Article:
while (i < n1) {
arr[k] = L[i];
i++;
k++;
}
while (j < n2) {
arr[k] = M[j];
j++;
k++;
}
}
```

## Step-by-Step Explanation of the Merge() Function

This function has a lot going on, so let's look at an example to see how it works.

A picture, as is customary, is worth a thousand words.

Two sorted subarrays A[0..3] and A[4..5] are contained in the array A[0..5]. Let's take a look at how the merge function combines the two arrays.

```
void merge(int arr[], int p, int q, int r) {
// Here, p = 0, q = 4, r = 6 (size of array)
```

#### Step 1: Make duplicates of the sub-arrays that will be sorted.

```
// Create L ← A[p..q] and M ← A[q+1..r]
int n1 = q - p + 1 = 3 - 0 + 1 = 4;
int n2 = r - q = 5 - 3 = 2;
int L[4], M[2];
for (int i = 0; i < 4; i++)
L[i] = arr[p + i];
// L[0,1,2,3] = A[0,1,2,3] = [1,5,10,12]
for (int j = 0; j < 2; j++)
M[j] = arr[q + 1 + j];
// M[0,1] = A[4,5] = [6,9]
```

#### Step 2: Keep track of the sub-array and main array indexes.

```
int i, j, k;
i = 0;
j = 0;
k = p;
```

#### Step 3: Pick the larger of the elements L and M and place them in the correct position at A until we reach the end of either L or M. [p..r]

```
while (i < n1 && j < n2) {
if (L[i] <= M[j]) {
arr[k] = L[i]; i++;
}
else {
arr[k] = M[j];
j++;
}
k++;
}
```

#### Step 4: Pick up the remaining elements and place them in A[p..r] when we run out of elements in either L or M

```
// Because j n2 does not hold, we exited the previous loop.
while (i < n1)
{
arr[k] = L[i];
i++;
k++;
}
```

```
// Because I < n1 does not hold, so we exited the previous loop.
while (j < n2)
{
arr[k] = M[j];
j++;
k++;
}
}
```

If M was larger than L, this step would have been required.

The subarray A[p..r] is sorted at the end of the merge function.

## Code for Merge Sort in C

```
// Merge sort in C
#include <stdio.h>
// Arrange the two subarrays L and M as one.
void merge(int arr[], int p, int q, int r) {
// Create L ← A[p..q] and M ← A[q+1..r]
int n1 = q - p + 1;
int n2 = r - q;
int L[n1], M[n2];
for (int i = 0; i < n1; i++)
L[i] = arr[p + i];
for (int j = 0; j < n2; j++)
M[j] = arr[q + 1 + j];
// Maintain the current sub-array and main array indexes.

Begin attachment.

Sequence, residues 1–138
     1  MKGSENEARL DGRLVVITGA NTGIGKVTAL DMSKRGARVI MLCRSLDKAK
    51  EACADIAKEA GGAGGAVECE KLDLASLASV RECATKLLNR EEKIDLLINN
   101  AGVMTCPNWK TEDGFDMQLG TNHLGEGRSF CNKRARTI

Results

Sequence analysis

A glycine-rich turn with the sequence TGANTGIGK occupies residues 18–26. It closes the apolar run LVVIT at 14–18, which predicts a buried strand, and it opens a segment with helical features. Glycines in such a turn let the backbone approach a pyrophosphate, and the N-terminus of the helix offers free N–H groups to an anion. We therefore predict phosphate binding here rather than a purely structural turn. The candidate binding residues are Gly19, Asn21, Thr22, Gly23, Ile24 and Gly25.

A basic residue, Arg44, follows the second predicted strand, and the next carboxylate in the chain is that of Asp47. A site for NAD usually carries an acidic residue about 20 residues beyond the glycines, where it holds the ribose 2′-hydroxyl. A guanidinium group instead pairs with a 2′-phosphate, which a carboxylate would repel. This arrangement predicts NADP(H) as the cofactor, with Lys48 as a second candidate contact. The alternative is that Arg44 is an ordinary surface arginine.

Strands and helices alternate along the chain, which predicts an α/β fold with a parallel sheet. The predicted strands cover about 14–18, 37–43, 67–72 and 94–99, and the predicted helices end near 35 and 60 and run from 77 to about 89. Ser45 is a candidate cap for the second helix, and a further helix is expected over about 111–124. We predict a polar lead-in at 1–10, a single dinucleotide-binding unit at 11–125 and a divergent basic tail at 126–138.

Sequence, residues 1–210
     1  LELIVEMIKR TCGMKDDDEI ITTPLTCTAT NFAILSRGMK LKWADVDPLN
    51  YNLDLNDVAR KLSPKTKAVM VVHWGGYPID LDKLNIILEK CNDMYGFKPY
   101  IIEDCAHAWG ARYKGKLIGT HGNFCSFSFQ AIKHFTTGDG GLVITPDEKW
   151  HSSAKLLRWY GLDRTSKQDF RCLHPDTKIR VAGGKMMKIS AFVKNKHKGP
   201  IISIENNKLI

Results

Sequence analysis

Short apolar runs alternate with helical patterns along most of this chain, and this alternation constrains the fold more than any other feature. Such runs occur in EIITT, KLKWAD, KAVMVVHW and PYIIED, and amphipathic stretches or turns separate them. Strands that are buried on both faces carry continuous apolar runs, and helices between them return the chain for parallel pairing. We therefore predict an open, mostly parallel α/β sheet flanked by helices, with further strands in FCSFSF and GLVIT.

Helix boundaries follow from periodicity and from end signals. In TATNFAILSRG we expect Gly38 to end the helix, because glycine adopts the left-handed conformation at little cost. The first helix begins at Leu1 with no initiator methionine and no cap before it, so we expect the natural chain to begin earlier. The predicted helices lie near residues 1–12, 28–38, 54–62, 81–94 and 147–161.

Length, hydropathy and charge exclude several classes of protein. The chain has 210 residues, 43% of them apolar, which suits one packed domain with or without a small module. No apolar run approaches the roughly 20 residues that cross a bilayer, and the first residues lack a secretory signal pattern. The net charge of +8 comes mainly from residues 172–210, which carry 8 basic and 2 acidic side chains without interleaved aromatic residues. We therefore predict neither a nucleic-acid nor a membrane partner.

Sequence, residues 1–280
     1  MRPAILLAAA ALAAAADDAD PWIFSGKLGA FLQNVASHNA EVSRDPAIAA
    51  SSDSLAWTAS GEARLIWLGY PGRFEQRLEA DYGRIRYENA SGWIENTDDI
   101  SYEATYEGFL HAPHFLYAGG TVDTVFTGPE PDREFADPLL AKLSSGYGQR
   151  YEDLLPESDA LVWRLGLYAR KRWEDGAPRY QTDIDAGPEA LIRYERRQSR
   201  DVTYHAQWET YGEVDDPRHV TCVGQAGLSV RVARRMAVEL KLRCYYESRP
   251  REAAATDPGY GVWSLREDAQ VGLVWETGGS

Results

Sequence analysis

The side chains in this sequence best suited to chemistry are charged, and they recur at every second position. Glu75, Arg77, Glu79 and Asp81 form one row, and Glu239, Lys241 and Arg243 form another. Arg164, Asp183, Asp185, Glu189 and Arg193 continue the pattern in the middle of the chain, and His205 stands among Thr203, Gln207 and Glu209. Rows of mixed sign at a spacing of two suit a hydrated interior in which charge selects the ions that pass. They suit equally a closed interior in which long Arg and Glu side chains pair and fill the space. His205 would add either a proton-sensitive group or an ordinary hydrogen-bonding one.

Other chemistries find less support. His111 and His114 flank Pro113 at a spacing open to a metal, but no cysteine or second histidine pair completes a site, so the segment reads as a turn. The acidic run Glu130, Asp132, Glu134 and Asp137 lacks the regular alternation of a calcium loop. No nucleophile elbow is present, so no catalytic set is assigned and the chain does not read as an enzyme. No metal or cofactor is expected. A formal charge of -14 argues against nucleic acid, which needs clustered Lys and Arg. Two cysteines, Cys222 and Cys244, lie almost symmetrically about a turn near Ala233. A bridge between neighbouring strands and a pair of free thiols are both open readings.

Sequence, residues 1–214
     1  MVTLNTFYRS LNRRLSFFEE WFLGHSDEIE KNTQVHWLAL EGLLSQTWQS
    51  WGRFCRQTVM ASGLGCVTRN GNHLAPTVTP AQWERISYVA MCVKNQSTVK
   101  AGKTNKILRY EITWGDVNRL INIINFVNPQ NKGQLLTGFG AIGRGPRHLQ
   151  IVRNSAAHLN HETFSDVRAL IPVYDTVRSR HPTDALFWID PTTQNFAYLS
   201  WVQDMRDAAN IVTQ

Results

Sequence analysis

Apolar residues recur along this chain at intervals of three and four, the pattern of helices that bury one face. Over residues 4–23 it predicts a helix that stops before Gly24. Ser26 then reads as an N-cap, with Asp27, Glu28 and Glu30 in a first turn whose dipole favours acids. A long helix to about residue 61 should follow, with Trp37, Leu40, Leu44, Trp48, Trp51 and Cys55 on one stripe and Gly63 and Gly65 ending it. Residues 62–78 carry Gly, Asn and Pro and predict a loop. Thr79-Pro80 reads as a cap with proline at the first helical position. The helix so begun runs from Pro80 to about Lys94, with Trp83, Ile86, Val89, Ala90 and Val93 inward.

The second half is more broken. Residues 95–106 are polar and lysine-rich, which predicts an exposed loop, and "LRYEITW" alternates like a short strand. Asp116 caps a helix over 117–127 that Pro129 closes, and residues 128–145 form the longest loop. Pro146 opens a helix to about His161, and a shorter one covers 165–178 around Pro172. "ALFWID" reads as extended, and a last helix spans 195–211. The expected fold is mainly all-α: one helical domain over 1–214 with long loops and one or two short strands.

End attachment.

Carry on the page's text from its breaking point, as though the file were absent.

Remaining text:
int i, j, k;
i = 0;
j = 0;
k = p;
//Pick the larger of the elements L and M and place them in the correct position at A[p..r] until we reach either end of L or M.
while (i < n1 && j < n2) {
if (L[i] <= M[j]) {
arr[k] = L[i];
i++;
} else {
arr[k] = M[j];
j++;
}
k++;
}
// Pick up the remaining elements and place them in A[p..4] when we run out of elements in either L or M.
while (i < n1) {
arr[k] = L[i];
i++;
k++;
}
while (j < n2) {
arr[k] = M[j];
j++;
k++;
}
}
// Divide the array into two subarrays, sort them, and then merge them together.
void mergeSort(int arr[], int l, int r) {
if (l < r) {
// m is the intersection of two subarrays in the array.
int m = l + (r - l) / 2;
mergeSort(arr, l, m);
mergeSort(arr, m + 1, r);
// Merge the sorted subarrays
merge(arr, l, m, r);
}
}
// Print the array
void printArray(int arr[], int size) {
for (int i = 0; i < size; i++)
printf("%d ", arr[i]);
printf("\n");
}
// Driver program
int main() {
int arr[] = {6, 5, 12, 10, 9, 1};
int size = sizeof(arr) / sizeof(arr[0]);
mergeSort(arr, 0, size - 1);
printf("Sorted array: \n");
printArray(arr, size);
}
```

The following output should be generated by this programme:

## Output

```
Array Sorted in Ascending Order:
-12 -9 0 17 46
```

## Complexity for Merge Sort

Time Complexity | |

Best Case | O(n log n) |

Worst Case | O(n log n) |

Average | O(n log n) |

Space Complexity | O(n) |

Stability | Yes |

## Complexities of Time

**Complexity in the worst-case scenario: O (n log n)****Complexity in the Best-Case Scenario: O (n log n)****Case Complexity on the Average: O (n log n)**

## Complexity of Space

Merge sort has a space complexity O (n).

## Applications for Merge Sorting

When using the Merge sort,

- Problem with inversion counts.
- Sorting from outside.
- Applications for e-commerce.
- Merge Sort can be used to sort linked lists in O(nLogn) time. The case for linked lists is unique, owing to the differences in memory allocation between arrays and linked lists. Unlike arrays, linked list nodes in memory may not be adjacent. Unlike an array, we can insert items in the middle of a linked list in O(1) extra space and O(1) time. As a result, the merge sort operation can be implemented without the need for additional linked list space.

## Merge Sort's Downsides

- For smaller tasks, it is slower than the other sort algorithms.
- For the temporary array, the merge sort algorithm requires an additional memory space of 0(n).
- Even if the array is sorted, it goes through the entire process.